Shoprite told to drop charges

A second organisation has called on the South African supermarket chain to drop disciplinary charges against workers who participated in a strike two years ago.

19 May 2017 | Labour

The Economic and Social Justice Trust (ESJT) has called on retail giant Shoprite to drop disciplinary charges against its workers, saying they cannot allow the “mistreatment” of workers to continue.

While Shoprite management indicated that they would respond soon on the matter, the Trust's chairperson, Herbert Jauch, said the exploitation of workers had been continuing for a long time and should end.

The Trust said for almost two years, over 100 workers at Shoprite in Windhoek had been facing disciplinary charges for taking part in a strike in 2015, adding that Shoprite had already dismissed 176 workers at Rundu and Gobabis. According to the union, the company continues to violate workers' rights and this must be stopped.

“The Economic and Social Justice Trust demands that Shoprite drop all disciplinary charges against its workers and that the company starts negotiating with its workers in good faith. Workers' rights and fairness must be safeguarded as we cannot allow the mistreatment of workers to continue,” Jauch said.

He said the reason why the unions representing Shoprite employees were not succeeding forcing the company to comply with Namibian laws was because they were divided.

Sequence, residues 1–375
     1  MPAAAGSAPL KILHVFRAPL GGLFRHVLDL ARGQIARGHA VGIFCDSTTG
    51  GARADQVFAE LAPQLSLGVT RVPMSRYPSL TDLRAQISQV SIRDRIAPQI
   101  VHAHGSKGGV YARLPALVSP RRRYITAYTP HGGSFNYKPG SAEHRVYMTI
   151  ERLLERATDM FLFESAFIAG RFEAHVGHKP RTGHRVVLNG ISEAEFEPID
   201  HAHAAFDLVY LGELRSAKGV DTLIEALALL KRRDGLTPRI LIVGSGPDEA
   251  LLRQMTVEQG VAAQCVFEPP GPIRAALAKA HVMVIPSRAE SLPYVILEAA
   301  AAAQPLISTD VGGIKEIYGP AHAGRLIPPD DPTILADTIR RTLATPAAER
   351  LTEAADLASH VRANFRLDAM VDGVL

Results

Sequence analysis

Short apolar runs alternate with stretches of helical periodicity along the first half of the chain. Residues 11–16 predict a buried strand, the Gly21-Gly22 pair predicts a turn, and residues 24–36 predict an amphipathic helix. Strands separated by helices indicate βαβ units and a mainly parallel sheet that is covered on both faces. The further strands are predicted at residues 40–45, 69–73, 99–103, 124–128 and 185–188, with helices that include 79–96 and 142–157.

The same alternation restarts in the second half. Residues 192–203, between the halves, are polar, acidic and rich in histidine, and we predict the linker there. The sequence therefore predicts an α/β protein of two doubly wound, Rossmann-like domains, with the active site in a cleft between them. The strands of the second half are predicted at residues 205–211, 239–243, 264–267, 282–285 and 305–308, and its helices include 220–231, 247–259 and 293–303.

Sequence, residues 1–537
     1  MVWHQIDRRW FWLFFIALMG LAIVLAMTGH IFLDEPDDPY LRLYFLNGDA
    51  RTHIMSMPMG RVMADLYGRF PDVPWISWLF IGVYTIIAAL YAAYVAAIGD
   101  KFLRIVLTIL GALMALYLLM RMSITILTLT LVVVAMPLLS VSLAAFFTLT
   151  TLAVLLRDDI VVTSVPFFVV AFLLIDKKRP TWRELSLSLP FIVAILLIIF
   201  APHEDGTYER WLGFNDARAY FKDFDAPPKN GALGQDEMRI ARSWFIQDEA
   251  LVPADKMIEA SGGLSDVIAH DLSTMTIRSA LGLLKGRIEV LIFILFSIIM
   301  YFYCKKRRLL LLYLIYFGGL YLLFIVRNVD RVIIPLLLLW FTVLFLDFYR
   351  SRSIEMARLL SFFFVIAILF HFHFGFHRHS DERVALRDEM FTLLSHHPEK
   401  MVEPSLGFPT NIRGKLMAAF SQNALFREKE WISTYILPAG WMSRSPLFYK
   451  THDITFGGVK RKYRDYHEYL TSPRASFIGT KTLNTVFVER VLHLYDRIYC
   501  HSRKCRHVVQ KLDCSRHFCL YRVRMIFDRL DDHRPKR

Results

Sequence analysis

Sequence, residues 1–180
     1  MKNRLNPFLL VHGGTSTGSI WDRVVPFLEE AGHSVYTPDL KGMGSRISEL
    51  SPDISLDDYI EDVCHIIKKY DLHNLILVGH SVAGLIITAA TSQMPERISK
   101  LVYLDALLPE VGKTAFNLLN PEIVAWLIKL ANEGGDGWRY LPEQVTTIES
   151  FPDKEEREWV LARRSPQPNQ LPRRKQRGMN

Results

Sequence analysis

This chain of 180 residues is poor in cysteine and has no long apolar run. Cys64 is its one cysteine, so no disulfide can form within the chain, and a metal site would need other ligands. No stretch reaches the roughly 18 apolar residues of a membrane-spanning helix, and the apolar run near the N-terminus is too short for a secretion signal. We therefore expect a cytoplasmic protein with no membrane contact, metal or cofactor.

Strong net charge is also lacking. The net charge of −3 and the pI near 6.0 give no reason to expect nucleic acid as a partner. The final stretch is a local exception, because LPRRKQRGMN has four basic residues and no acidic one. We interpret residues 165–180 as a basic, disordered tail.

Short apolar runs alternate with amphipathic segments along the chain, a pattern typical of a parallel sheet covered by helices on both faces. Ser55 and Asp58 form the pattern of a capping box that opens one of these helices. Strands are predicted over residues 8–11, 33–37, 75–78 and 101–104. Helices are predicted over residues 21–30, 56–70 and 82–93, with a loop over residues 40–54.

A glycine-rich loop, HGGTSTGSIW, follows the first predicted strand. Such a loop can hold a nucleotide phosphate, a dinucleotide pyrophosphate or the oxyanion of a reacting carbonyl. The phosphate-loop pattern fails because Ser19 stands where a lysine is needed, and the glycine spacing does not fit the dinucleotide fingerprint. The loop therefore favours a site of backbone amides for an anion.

“For the past four years, there were three different trade unions operating at Shoprite; none of them represent an outright majority. Shoprite seized the opportunity provided by a divided labour movement to side-line the unions' altogether… Shoprite has continuously violated workers' rights and used the rivalry among trade unions to its own advantage,” Jauch charged.

Jauch said an average employee at Shoprite earned less than N$2 500, which he said was “totally unacceptable” considering the fact that the company last year “declared a profit of about N$130 billion of which N$50 million was diverted to then chief executive officer Whitey Basson as a bonus”.

“The average worker at Shoprite still earns about N$2 500 per month or less. As they receive no transport allowance, the workers spend between N$480 and N$960 per month on transport, depending on where they live. They also have to pay rent, on average N$1 000, even for a shack in a backyard. This is before they can even think of food, water and gas for cooking,” Jauch argued.

Jauch said the disciplinary action route Shoprite has taken was also a costly exercise for the company. He claimed it had cost Shoprite about N$3.3 million over a period of 51 days of hearings – excluding venue rentals and legal fees.

When contacted, Shoprite Namibia's human resources officer, Karen Smith, said she was aware of the statement issued by the Trust and they would respond soon.

The Namibia Food and Allied Workers Union (Nafau) has called on Shoprite employees countrywide to join the union in order for their concerns to be heard.

Nafau concurred with Jauch that the disciplinary cases must be called off.

The workers in 2015 were charged with violating several company regulations - participating in an unlawful strike, gross insubordination, absence from duty without authorisation, incitement and the organisation of an unlawful strike, assault, destruction of private property and interfering with a company investigation.


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